Despite Lauren’s natural assumption that this touching scene is drawn from ancestral memory, the two faces were actually suggested by a few frames near the end of the movie Yentl, which she happened to glimpse one night in May 1997, as she was flicking through the channels on her way from Comedy Central to Conan O’Brien.
There is no such affecting image for Charlie Blair. He has heard vague references to a Jewish great-great-something, but he is more intrigued by reports of an Indian forebear. That’s where he gets his black hair from. A Cheyenne or an Arapaho woman. Whatever. No one in the family remembers much about her, except that she was a beauty and a chief’s daughter.
Fine, you say. Nice, the ancestor stuff. Now can we get back to Lauren and Charlie? Not quite yet. We need to look at Herschel Blaustein and Dora Schottland and their children and their children’s children. We need to understand the process by which our two American heroes became Americans – and whether that great journey from there to here had any meaning.
Last, but definitely not least, as we leave this century, isn’t it time to inquire: What is an American anyway? It’s a critical question to think about now, what with all the virulently anti-government rhetoric apoad in the land. We ought to ask: Now that we’ve gotten here, what holds us together? What do all of us, with our different American experiences, have in common? Is there an American character? Are Americans somehow different from Europeans and Africans and Asians? What, besides a couple of random genes, do this western mountain man and this eastern suburban woman share?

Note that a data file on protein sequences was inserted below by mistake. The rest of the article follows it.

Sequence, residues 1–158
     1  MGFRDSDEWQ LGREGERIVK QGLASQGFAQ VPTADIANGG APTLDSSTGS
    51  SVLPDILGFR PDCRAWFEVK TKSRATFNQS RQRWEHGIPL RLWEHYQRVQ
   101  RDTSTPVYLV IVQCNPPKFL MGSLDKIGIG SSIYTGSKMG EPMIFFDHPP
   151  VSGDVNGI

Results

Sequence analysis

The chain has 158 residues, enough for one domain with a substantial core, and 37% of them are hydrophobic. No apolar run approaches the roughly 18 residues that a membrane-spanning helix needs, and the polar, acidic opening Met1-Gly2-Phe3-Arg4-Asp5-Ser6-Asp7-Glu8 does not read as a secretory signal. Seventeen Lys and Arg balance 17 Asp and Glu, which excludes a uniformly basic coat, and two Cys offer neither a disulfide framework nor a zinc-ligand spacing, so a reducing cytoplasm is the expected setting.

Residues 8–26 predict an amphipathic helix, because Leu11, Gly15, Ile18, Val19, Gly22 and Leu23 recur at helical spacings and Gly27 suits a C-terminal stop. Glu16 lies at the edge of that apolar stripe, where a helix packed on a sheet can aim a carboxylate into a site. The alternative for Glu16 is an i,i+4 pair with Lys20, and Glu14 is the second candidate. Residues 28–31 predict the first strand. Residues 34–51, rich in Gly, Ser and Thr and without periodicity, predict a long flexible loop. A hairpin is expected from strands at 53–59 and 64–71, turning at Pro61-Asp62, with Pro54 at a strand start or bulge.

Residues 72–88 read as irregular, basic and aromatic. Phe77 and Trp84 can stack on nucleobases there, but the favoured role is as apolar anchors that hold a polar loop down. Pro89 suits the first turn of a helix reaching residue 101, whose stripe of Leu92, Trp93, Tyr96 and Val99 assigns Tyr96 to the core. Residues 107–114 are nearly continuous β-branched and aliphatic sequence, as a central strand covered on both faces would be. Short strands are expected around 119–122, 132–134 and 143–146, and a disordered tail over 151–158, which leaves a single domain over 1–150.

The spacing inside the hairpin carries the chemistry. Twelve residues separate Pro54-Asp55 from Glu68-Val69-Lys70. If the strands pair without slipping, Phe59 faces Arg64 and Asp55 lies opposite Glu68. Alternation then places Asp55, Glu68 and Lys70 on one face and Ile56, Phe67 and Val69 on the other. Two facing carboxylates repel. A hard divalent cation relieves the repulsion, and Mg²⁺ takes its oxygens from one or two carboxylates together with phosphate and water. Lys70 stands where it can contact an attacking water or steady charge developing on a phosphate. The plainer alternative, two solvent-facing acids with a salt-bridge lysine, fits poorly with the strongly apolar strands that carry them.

Herschel was not an utter schlemiel, but when his son Jacob came into the world six months after his marriage to Dora and she groaned to him, her face drenched with sweat after the first hour of labor, that the baby was going to be premature, he believed her because he loved her. His little doll, that’s what he began calling her after she seemed to get tired of prune shnecken. She was a doll – small, dainty, with huge black eyes and a pink bow of a mouth. A living doll. Now his doll was saying it was coming premature. Fine, okay, premature.